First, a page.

View Full Version : Dropping the elbow, revisited.
04-23-2002, 11:40 PM
Doesn't it make sense to drop your elbow since if you couldn't drop it on the right line, you WERE out of line anyway?
OK, Ken/Rackmup gets first dib.:0)
phil in sofla
04-24-2002, 12:35 PM
No, it doesn't. The objections to dropping the elbow are not that you will be dropping it offline, but that even dropping it in line with the shot might sort of see-saw the stroke, bringing the tip up or down as you're going through the cue ball, making your hit higher or lower than you want, and maybe keeping the stroke from being level.
What makes the elbow drop make sense is instead an argument that the move only happens after the cue tip has made contact with the cue ball, and you are already through the ball, toward the end of the pendulum swing's furthest extent, before the elbow begins to drop as a kind of natural end of the swing.
However, with all the 'jump uppers' and other odd strokes that you see out there, no doubt the elbow drop could come too soon, cause all the problems those who oppose it say, and in combination with other stroke flaws, make for one big mess of stroke mechanics problems.
~~occasionally drops his elbow, mainly on slow rollers that I'd otherwise have a very small arc of swing on.
It's actually harder to keep your arm straight when you drop your elbow. As soon as you release your shoulder and upper arm from a locked position, you can unintentionally pull your arm towards your body or out away from your body.
It's definitely doable but you need loads of trust and lots of practice to keep your arm straight. Once you train yourself how to do it, you still need to figure out when it makes sense to do it and when it doesn't. I can only think of a couple of shots where an elbow drop helps.
I prefer doing the minimum arm movement if I don't need more than that for a shot.
04-26-2002, 09:52 PM
Joey the argument against dropping the elbow has little to do with moving the arm off-line (although it is harder to move your arm off-line if your elbow dpesn't drop). Rather it is one of consistency, and simplicity. Ideally, if you always dropped your elbow AFTER the cueball is gone, then dropping the elbow is a non-issue. But does this really happen?
For many of the novices that I see or teach, the elbow drop is never than consistant. Sometimes it occurs BEFORE the ball is struck. This means that the tip is never struck in a consistent location. This often shows up with draw shots with novices. Sometimes they hit the ball too low -"boink!" (when the elbow doesn't drop) so they aim higher, then they drop their elbow before hitting the ball (worrying about hitting too low again)and get a stop shot instead. So next time they aim lower and.... you get the picture.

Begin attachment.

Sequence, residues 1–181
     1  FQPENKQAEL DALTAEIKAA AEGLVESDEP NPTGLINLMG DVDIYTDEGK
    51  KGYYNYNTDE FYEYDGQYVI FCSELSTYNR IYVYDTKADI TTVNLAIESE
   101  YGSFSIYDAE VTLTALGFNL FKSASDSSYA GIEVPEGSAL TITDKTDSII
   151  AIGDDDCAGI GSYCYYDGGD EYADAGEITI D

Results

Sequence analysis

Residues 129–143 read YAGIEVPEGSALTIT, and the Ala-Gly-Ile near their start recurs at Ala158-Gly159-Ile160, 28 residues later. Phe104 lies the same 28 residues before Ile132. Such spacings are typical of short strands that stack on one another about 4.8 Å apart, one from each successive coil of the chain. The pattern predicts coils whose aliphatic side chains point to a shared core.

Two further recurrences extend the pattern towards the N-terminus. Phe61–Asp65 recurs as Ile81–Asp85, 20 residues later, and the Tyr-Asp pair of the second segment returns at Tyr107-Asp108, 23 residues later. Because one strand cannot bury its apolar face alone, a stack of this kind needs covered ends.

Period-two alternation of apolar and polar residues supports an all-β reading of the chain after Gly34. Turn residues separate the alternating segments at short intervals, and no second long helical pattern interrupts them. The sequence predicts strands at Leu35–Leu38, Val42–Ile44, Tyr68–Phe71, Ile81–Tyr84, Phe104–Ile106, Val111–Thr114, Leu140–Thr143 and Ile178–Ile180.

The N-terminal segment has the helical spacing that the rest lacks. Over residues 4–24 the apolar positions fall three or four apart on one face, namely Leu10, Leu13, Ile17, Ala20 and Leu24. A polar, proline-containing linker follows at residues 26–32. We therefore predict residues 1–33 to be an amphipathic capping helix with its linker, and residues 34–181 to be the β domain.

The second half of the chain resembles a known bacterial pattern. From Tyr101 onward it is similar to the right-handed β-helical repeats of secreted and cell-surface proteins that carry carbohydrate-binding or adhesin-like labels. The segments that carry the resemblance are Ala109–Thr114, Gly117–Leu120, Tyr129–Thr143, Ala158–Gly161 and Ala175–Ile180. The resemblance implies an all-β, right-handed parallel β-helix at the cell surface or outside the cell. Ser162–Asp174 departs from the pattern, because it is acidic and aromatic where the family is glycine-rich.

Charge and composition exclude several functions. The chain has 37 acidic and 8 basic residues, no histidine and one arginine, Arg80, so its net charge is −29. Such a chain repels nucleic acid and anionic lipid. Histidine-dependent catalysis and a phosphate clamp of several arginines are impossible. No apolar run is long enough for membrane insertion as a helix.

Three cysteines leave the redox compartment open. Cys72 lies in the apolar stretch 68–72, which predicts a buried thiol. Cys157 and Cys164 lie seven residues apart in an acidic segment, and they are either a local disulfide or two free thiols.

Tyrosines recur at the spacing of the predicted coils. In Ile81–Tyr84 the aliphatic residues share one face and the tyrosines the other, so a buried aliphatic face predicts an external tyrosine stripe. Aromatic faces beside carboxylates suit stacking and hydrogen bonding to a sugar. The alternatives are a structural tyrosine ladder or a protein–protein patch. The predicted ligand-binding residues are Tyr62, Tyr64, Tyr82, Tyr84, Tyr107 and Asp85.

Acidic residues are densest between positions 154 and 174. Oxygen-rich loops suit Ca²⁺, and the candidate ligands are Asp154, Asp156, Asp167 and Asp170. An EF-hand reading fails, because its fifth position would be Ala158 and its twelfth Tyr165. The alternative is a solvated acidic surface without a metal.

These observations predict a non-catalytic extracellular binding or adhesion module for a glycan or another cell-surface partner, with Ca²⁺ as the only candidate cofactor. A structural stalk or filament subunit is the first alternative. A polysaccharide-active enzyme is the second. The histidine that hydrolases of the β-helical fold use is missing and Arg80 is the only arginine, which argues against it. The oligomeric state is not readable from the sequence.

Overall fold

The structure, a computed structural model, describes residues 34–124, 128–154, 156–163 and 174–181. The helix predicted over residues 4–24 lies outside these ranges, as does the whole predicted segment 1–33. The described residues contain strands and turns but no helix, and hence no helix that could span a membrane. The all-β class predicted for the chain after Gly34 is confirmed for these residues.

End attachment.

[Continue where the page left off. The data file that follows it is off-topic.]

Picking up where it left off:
Not dropping the elbow is just simpler. It is one less joint to coordinate and time correctly. Remember you would have to time the position "and" speed of the joint in order to get a consistent result. With enough practice and time it can be done (many pros do drop their elbows after all), but we don't all have the luxury of abundant time, so simpler is better imo.
Hello Tony, I know some top players drop the elbow before going through the cue ball. My question is, what do YOU feel they are gaining by delivering the cue thru the cue ball that way.-------Gilbert Grape
04-28-2002, 02:12 PM
"Hello Tony, I know some top players drop the elbow before going through the cue ball. My question is, what do YOU feel they are gaining by delivering the cue thru the cue ball that way"
Actually Gilbert, while some top players might drop their elbow before going through the cueball, I think that you will find that most do it AFTER hitting the cueball. If you look at the position of the elbow at contact, dropping the elbow can have very little effect on the shot speed (the elbow is moving in a vertical direction, not fore and aft) and if timed incorrectly, a dropped elbow could actually slow down the arm slightly.
What are they gaining from it? Probably nothing. I suspect that they are merely repeating the stroke that they learned at an early stage in their careers.
If your forearm is substantially forward of 90 degrees at address, then the natural motion of the cuestick will be downwards just before striking the cueball, if the elbow doesn't move. To prevent this, some players have adjusted to dropping their elbows just before contact in order to keep the cue level.
A better, or simpler solution imo, is to move the forearm so that it is at 90 degrees at contact. That way the cue will be level at impact even if the elbow is fixed. This is a simpler motion to keep consistent and timed.
Thanks for your thoughts Tony. One player who I consider as good as it gets in pool fundamentals, most definitely has an elbow drop before going thru the cue ball. I've watched and admired this player for years but only noticed this after watching very closely on Accu-Stats video. I almost get the feeling it takes the tension out of his stroke and gives him a better feel for ball speed. Just a guess on my part. His name: Nick Varner-------thanks again, Gilbert Grape
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